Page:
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Friday, January 18 , 2019, 12:29 am | Fair 51º


Review: Violinist Patricia Kopatchinskaja Gets Up Close and Musical at Hahn Hall

Patricia Kopatchinskaja and Polina Leschenko Click to view larger
Ukraine-born violinist Patricia Kopatchinskaja makes her Santa Barbara debut with Russian pianist Polina Leschenko in a recital last week at the Music Academy of the West’s Hahn Hall. (David Bazemore photo)

Moldova-born violinist Patricia Kopatchinskaja, a Grammy winner and director of the 2018 Ojai Music Festival, made her Santa Barbara debut last week with Russian piano prodigy Polina Leschenko at the Music Academy of the West’s Hahn Hall.

UCSB Arts & Lectures’ Up Close & Musical series hosts lauded musicians for their first Santa Barbara appearances in intimate venues.

The pair opened with Bela Bartok’s Violin Sonata No. 2. Sz. 76, a work of unrelenting dissonance that featured sliding fingers making gradient sounds on the violin and tense plucking that evoked a suspenseful moment in an Alfred Hitchcock film.

Eventually, the musicians’ fleet fingering on both instruments played out a muscular, frenetic race between the two.

From there, Kopatchinskaja quoted Bartok: “I am imprisoned in dissonances.” She shared that she understood. To provide respite for the audience, she “opened a window to take a breath,” playing an unscheduled Clara Schumann work that featured warm vibrato and a little romance.

In the first movement (Allegro) of Francis Poulenc’s Sonate Pour Violon Et Piano, FP 119, the piano’s melodious part came forward from behind barely audible plucking on the violin. (Later I learned this was more a function of Hahn Hall acoustics than the composition. If a voice or instrument were directed away from you, even by a small angle, it was very hard to hear.)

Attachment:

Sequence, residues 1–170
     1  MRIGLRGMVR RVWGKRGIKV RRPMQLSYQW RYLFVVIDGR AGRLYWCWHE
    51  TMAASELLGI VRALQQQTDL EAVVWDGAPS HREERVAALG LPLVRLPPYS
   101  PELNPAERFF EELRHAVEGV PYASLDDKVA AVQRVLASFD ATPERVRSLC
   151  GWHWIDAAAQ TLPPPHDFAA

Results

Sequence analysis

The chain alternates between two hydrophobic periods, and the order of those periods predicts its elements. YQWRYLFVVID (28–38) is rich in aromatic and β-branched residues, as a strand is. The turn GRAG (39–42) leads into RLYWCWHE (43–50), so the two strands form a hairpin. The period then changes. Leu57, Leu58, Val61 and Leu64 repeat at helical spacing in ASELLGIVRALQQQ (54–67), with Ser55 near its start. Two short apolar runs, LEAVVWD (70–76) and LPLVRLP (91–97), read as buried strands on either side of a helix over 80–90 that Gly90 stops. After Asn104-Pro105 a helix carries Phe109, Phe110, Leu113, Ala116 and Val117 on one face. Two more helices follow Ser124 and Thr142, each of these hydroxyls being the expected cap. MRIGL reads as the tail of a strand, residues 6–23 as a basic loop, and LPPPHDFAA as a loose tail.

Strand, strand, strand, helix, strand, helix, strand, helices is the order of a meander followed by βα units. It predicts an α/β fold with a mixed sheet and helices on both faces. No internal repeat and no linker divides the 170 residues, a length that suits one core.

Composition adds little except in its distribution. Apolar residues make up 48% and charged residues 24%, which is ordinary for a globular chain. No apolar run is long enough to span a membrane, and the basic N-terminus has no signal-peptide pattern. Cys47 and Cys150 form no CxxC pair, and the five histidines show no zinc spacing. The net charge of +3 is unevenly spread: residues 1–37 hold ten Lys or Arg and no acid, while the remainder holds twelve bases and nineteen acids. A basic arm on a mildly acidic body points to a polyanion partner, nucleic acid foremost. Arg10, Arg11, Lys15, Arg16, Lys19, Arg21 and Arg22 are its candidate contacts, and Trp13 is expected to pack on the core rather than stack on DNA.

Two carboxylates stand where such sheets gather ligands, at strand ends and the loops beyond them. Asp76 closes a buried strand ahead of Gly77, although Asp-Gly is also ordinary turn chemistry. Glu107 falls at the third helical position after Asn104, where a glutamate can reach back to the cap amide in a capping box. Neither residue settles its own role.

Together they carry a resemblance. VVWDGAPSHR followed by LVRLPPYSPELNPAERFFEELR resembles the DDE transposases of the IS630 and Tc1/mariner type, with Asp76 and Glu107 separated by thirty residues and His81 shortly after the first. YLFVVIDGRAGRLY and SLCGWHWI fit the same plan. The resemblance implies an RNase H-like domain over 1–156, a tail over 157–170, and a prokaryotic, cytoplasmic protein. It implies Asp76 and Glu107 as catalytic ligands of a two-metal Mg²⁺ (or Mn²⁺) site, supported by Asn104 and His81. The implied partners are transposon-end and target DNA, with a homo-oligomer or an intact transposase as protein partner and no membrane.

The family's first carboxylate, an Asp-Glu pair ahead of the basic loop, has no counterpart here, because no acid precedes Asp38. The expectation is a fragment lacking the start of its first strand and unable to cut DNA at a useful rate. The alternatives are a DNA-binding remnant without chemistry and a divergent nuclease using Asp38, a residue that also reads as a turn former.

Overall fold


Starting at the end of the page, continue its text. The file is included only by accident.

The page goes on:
The Intermezzo’s breathy quality called to mind a mid-century film version of a passionate Brontë love story and ended, similarly, with a stark single pluck.

Yearning sounds in the Presto Tragico merged tinkling notes on the piano with ascending plucked note-pairs on the violin, leading to a momentary union between the two instruments and ending with intense extremes on the keys and banging sounds at the deep end.

Intermission conversations focused on the difference between enjoyment and appreciation.

Romanian composer Georges Enescu described his Sonata No. 3 for Violin and Piano, Op. 25 as a “fantasy on the life of a gypsy fiddler.”

The primary aesthetic was of an image chopped into pieces and rearranged on canvas; lushly prolonged notes were intercut with screechy, hollow tones and tapping of a single note on the piano. That said, undertones of a folksy fiddler surfaced repeatedly; the Allegro featured dancey allusions to how things used to be, strutty and upright.

Maurice Ravel’s “Tzigane,” N. 76, the French composer’s look into gypsy music, provided stunning violin moments, with references to nature, a chirping bird from the violin and the piano sounding a cascade of water. Later, the passion and vigor in both parts included a distinctive Chuck Berry moment — fast and tinkly.

In her signature bare feet, Kopatchinskaja’s physicality includes both standing and seated playing, leaning in, “getting air,” bending sideways at the waist — at some moments just this side of contortion — and facial expressions.

At one point during the Ravel piece, she leaned into the audience, and while facing downward toward the instrument, her eyes looked up, nearly to rolling, as if to say to the audience, “Really, that was already enough of the chirping bird.”

Kopatchinskaja left the stage with her nose deep in a bouquet of red roses — entirely in the moment even in her stage exit — and returned with Leschenko for two encores.

A virtuosic fugue from Alfred Schnittke’s Suite in the Old Style found the pianist’s hands moving so quickly that they appeared to be splashing off the keys. John Cage’s rapturous (in this context) Nocturne for Violin and Piano closed out the evening.

Kopatchinskaja’s moss matte satin gown, paired with a reflection of the red velvet bridges on the gleaming underside of the open cover, added a distinct if dissonant holiday visual.

Noozhawk contributor and local arts critic Judith Smith-Meyer is a round-the-clock appreciator of the creative act. She can be reached at [email protected]. The opinions expressed are her own.

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